'virtual car. Gen locking [OT][EE]'
|Richard Ottosen wrote:
> >From what I understand, the color locking is the hard part. I was once
If you want to dissolve between two camera signals, yes, it is difficult
to get the phase lock down to the sub degree range required.
> told that half of the circuitry in the color cameras I borrowed was the
> video locking function. This may no longer be true with the changes in
An exaggeration. I've been in video for 20 years. While substantial
is needed for broadcast grade locking (10% at most) your alternating
field/frame approach does not require it. Gen locking adds about $50 to
cost of a $300 CCD color camera. A lot of the chip sets support it
directly, just add the jack and coupling cap/resistors.
The funny thing is, the new broadcast switchers don't need 'timed'
camera sources anymore. It's all done digitally now, so ANY source
(including sloppy VCR's) will do.
> One change in technology I need to explore is inexpensive time base
> correctors. With picture-in-picture built into TV's and frame capture
> cards for PC's I expect it would not be that hard to make a simple TBC.
It isn't. $150 per channel for a dual channel TBC for a PC (DPC systems
in Montreal?). Just look in any of the consumer 'Desk Top Video'
for adverts. Signetics/Philips makes several chips that will do the job
Ironically a PIP video card is already doing 'frame synching' (which is
actually a lot harder than simple Time Base Correction). The kick is
that the VGA card is running 60-80FPS non interlaced vs NTSC's 30 with
Also realize that a cheap TBC many only provide a few (5-10) lines of
'correction' and will not have a enough range to 'frame lock' unless
it explicitly says that it is a 'full frame' TBC.
You realize that you only need ONE frame synchronizer to do what you
want? You use one camera as the reference that the other is locked to.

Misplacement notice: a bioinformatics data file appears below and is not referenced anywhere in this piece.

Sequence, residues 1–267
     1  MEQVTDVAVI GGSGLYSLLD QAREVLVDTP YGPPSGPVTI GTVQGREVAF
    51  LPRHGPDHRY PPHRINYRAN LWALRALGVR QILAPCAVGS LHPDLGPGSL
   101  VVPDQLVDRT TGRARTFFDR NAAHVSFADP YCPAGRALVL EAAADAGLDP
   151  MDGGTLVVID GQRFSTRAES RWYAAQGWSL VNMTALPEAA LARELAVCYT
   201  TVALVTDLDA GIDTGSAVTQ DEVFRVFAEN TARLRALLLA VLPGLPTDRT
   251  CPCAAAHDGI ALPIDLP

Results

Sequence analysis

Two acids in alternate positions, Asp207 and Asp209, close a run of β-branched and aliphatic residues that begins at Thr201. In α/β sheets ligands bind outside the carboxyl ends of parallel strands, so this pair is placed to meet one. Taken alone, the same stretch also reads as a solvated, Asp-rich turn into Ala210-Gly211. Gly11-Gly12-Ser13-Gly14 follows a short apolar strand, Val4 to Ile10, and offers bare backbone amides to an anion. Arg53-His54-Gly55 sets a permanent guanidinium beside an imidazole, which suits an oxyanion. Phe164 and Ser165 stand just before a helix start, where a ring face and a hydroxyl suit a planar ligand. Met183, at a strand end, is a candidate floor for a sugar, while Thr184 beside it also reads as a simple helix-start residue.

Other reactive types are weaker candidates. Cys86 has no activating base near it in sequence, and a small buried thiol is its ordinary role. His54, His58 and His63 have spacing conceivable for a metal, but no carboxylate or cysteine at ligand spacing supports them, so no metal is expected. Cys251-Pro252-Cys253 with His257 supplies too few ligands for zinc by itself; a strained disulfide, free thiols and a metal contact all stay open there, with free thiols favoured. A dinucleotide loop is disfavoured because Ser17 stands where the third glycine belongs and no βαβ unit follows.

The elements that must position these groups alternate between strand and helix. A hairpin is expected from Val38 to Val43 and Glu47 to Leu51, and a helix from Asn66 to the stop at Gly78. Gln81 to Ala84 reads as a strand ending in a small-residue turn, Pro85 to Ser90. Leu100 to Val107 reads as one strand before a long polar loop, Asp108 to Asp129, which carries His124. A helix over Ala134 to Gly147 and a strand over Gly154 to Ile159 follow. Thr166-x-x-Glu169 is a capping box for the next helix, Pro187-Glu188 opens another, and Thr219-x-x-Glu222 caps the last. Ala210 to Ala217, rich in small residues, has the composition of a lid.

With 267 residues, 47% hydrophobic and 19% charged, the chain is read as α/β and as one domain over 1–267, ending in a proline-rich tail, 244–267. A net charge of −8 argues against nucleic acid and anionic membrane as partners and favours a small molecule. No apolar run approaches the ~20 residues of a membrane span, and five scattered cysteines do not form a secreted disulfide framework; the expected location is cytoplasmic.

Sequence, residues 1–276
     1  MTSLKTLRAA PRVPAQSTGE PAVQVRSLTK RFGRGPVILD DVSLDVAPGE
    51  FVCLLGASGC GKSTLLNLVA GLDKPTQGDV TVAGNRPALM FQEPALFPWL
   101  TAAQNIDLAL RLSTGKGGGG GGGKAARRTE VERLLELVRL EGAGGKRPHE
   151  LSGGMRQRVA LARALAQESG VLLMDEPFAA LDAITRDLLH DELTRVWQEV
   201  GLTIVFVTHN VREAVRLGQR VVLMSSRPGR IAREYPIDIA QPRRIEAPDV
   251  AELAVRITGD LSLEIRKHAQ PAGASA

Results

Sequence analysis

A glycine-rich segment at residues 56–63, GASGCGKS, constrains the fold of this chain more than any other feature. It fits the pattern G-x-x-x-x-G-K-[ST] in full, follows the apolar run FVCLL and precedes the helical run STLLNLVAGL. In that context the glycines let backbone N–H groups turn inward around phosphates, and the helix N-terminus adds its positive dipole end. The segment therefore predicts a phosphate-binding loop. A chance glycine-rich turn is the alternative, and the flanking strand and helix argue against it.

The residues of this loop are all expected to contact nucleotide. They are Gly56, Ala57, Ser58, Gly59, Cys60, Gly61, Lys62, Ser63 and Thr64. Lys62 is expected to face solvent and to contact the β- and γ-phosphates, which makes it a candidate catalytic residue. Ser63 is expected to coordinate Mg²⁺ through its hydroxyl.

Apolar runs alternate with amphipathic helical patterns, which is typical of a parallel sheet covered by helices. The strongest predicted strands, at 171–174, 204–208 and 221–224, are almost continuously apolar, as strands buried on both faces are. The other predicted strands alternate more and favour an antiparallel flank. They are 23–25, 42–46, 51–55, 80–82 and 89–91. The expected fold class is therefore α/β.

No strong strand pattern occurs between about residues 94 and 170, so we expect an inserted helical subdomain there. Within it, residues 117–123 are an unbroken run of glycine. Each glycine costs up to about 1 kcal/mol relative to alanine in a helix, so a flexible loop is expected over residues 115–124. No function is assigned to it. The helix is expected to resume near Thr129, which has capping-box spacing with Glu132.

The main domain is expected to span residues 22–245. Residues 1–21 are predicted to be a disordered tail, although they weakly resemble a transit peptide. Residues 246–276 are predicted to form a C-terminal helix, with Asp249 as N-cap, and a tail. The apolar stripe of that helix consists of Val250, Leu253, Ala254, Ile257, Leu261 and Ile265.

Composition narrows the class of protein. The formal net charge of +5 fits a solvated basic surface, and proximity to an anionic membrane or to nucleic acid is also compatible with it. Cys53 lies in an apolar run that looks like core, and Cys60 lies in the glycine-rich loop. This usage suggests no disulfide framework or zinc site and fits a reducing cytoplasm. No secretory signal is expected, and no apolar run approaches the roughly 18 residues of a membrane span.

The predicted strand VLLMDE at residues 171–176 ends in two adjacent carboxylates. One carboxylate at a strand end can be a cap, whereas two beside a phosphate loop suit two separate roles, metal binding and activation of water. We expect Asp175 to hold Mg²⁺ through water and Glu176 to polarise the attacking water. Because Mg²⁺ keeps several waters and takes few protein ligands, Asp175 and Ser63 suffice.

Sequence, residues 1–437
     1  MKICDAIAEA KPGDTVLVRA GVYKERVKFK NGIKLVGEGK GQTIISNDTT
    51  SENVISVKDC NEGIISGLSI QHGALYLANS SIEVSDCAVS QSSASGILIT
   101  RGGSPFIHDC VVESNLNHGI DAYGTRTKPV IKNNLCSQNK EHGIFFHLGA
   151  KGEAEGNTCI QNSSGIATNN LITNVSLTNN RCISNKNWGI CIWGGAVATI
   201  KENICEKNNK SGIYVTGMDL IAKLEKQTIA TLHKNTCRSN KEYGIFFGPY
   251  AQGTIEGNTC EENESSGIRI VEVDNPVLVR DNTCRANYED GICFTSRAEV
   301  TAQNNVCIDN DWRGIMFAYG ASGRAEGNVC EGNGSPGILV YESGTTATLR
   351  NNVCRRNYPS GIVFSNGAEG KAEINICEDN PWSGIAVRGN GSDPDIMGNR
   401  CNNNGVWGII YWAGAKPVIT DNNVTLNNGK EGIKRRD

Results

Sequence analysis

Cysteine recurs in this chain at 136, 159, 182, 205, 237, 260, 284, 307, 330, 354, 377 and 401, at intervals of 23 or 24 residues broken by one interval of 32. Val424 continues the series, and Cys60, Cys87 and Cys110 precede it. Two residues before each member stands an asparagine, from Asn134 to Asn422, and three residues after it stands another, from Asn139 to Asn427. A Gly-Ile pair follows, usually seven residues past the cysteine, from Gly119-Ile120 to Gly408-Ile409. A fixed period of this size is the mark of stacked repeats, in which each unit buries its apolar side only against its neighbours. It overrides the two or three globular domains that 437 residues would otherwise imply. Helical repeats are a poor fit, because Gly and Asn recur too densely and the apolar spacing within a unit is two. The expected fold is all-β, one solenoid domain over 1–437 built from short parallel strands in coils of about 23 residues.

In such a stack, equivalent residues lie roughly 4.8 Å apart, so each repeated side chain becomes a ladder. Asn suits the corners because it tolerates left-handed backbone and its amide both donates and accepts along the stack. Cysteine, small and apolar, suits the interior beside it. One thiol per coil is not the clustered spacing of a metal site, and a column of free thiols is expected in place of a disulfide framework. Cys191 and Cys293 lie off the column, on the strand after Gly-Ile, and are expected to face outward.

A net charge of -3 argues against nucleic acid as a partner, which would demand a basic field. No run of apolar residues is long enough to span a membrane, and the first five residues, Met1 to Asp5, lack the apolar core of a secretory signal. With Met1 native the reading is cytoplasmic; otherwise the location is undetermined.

HOWEVER, having done this, I found that one could perceive the slight
difference in timing between the two eyes when the cameras were quite
out of sync. True NTSC is a 4 field sequence so you could see up to 67mS
of delay between the two eye views.
You really DO want to lock the _camera_ scans to remove this 'headache'
[literally]. If you don't, fast pans will make the image jump in and
out in depth as one eye sees the same image 67 mS before the other.
In fact, this is exactly the technique used by the infamous super bowl
3D of several years ago. The darkened eye has a slower visual response
and so fast left right object motion gave the illusion of depth.
And for this exploit the perpetrators got a million bucks?
> Obviously some pretty fancy chips exist that could make it possible. Oh,
> so many projects and so little time ;-)
I know EXACTLY what you mean.
BTW the NASA technical channel (Tr5, G2 85dW) does time division
multiplexing of the various cameras on the cape in the hours prior to
A digital VCR with 'strobe' function can usually separate out the
two streams into something more viewable. It's awesome being inches away
from the external fuel tank as they do a systematic inspection of it's
surface. It's also pretty cool to be looking over the astronauts
as they work.
NASA tv is available on the web as Realvideo or Mediaplayer formats by
drilling down from:
|Robert Rolf wrote:
> Richard Ottosen wrote:
> > >From what I understand, the color locking is the hard part. I was once
> If you want to dissolve between two camera signals, yes, it is difficult
> to get the phase lock down to the sub degree range required.
> > told that half of the circuitry in the color cameras I borrowed was the
> > video locking function. This may no longer be true with the changes in
> > technology.
> An exaggeration. I've been in video for 20 years. While substantial
> is needed for broadcast grade locking (10% at most) your alternating
> field/frame approach does not require it. Gen locking adds about $50 to
> cost of a $300 CCD color camera. A lot of the chip sets support it
> directly, just add the jack and coupling cap/resistors.
What you say here does show how much the technology has changed. The
cameras I used were "remote head" units with the CCD imager at the end
of a cable connected to a controller that was about the size of a
paperback book. Each of the two cameras we used for the stereo video
cost about $1200 US at the time (about 1990 I think).
In fact one plan I considered was to put together a bare bones single
board PC and a off the shelf frame capture/TBC card to do video 3-D. Not
the cheapest way to go but it could be quick and easy.
That does sound tricky making such different videos come together on one
> Also realize that a cheap TBC many only provide a few (5-10) lines of
> 'correction' and will not have a enough range to 'frame lock' unless
I didn't know there was such a thing. It would be a big ouch to buy one
of these and THEN find out.
I guess the TBC solution will not work very well from what you say. Too
bad. Do you see any way around this problem? May lock both cameras using
a dual TBC?
Thanks for all the ideas
More... (looser matching)
- Last day of these posts
- In 2000
, 2001 only
- New search...